While you can use SAML tokens, Username Tokens (UNT), or JSON Web Tokens (JWT) to establish trust between services, Oracle recommends using SAML-based client policies. SAML is an XML-based, open-standard data format for exchanging authentication and authorization data between parties, in particular, between an identity provider and a service provider.
Why Use SAML?
When you use a SAML token, the identity of the user who is signed in to an extension service hosted application is propagated automatically to the SaaS application.
When you use a SAML token, the SaaS application applies the authorization rules for the signed-in user when processing web service calls.
When Java Cloud Service - SaaS Extension is established as the Identity Provider, it authenticates the requests from associated Service Providers and establishes the user identity; that identity is then used as the basis for authorization. SAML is typically used with web service messaging between associated services. Associated Oracle Cloud services can use Oracle Web Service Manager (OWSM) for SAML authentication. OWSM is shipped with the Oracle SaaS application and provides a menu of security policies, including SAML-based policies, for developers to leverage when making web service calls between services. See Securing JAX-WS Web Services.
To a large extent, SAML automates token-building. These client policies are an effective alternative to building tokens that usually contain user name and password attributes formatted to some specification. With SAML, a preconfigured SAML infrastructure is presumed. On the client side, SAML tokens are included in outbound web service requests automatically, and a SAML login module knows how to deconstruct the token for authentication purposes. In many respects, SAML token-based policies can be the easiest to implement, as Oracle provides a working SAML infrastructure.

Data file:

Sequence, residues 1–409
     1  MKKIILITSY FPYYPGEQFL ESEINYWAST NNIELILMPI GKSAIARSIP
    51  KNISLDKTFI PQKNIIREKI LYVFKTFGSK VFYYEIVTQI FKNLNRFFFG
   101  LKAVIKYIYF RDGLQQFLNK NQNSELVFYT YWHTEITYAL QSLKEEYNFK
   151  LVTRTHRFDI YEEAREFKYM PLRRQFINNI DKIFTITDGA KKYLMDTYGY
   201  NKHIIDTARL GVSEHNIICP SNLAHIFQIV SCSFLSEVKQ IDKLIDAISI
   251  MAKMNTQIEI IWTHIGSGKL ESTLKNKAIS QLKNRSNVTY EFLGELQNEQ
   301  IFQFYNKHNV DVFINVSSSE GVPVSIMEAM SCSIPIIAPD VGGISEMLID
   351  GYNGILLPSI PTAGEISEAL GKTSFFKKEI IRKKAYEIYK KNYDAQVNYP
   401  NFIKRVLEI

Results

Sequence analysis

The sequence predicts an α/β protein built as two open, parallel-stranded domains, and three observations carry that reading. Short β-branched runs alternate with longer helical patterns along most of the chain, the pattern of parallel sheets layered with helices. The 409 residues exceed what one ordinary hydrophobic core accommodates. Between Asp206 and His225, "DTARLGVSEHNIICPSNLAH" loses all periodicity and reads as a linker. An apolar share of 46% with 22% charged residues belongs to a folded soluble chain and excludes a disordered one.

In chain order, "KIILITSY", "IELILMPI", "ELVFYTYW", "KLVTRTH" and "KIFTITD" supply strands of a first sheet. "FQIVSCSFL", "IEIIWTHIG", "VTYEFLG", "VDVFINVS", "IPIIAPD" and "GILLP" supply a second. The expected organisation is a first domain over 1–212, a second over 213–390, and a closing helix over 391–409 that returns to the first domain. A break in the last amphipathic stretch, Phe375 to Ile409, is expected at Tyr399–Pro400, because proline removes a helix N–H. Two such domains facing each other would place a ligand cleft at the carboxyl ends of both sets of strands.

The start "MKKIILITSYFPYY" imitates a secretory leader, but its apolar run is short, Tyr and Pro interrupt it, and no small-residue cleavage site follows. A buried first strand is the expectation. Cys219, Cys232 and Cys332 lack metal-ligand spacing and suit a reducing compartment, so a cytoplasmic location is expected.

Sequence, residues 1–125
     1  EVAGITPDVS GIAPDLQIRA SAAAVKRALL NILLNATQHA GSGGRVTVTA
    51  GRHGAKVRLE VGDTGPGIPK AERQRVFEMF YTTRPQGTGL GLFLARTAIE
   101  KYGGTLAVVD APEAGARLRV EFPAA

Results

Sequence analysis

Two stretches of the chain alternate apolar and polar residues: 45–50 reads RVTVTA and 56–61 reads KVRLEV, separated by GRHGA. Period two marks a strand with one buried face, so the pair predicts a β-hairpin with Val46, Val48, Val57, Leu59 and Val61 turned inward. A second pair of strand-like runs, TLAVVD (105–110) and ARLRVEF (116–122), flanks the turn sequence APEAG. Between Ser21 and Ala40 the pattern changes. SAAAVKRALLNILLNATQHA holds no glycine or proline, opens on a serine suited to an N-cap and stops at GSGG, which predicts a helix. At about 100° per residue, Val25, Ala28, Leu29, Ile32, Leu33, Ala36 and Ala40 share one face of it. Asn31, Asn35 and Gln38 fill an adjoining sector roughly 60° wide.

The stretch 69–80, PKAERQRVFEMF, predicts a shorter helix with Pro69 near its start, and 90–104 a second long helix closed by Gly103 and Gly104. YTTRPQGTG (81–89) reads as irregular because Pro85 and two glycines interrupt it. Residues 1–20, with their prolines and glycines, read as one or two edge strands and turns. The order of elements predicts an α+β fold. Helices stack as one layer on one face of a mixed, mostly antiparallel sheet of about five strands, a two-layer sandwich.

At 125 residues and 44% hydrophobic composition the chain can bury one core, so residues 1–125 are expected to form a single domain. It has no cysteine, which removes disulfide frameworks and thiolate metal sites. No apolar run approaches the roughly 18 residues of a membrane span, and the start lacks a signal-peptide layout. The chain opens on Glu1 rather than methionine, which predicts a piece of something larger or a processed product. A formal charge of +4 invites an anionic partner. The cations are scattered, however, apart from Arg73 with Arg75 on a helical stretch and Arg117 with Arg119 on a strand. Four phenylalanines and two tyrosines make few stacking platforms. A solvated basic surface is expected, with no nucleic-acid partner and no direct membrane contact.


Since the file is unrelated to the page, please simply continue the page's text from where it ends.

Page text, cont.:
To successfully propagate identities, Java Cloud Service - SaaS Extension and the SaaS application must exist in the same identity domain. When service instances are provisioned in the same identity domain, they are usually automatically associated, which enables SAML-based identity propagation between Java Cloud Service - SaaS Extension and the SaaS application and enables SSO capability with the SaaS application acting as the identity provider. Developers can leverage SAML-based security policies that will automatically use the current logged-in user of the SaaS application to invoke the web service in Java Cloud Service - SaaS Extension. Associated services have this SAML trust pre-established by Oracle. The association is automatic when you purchase a new Java Cloud Service - SaaS Extension instance to be used with an existing SaaS instance or when you purchase a SaaS application and Java Cloud Service - SaaS Extension instance at the same time.
This policy enables message protection (integrity and confidentiality) and SAML token population for outbound SOAP requests using mechanisms described in WS-Security 1.1. A SAML token is included in the SOAP message for use in SAML based authentication with sender vouches confirmation.
This policy includes SAML tokens in outbound SOAP request messages. The SAML token with confirmation method Bearer is created automatically. The policy also verifies that the transport protocol provides SSL message protection. This policy can be attached to any SOAP-based client.
This policy enforces message protection (integrity and confidentiality) and one of the following authentication policies:
SAML-based authentication for inbound SOAP requests in accordance with the WS-Security 1.1 standard.
SAML-based authentication using credentials provided in SAML tokens with confirmation method 'Bearer' in the WS-Security SOAP header. Verifies that the transport protocol provides SSL message protection.
Sample Use Cases
You can find two sample use cases for propagating ID with SAML in Writing a Client That Can Access an Oracle Sales Cloud Application and Writing a Web Service that an Oracle Sales Cloud Application Can Access.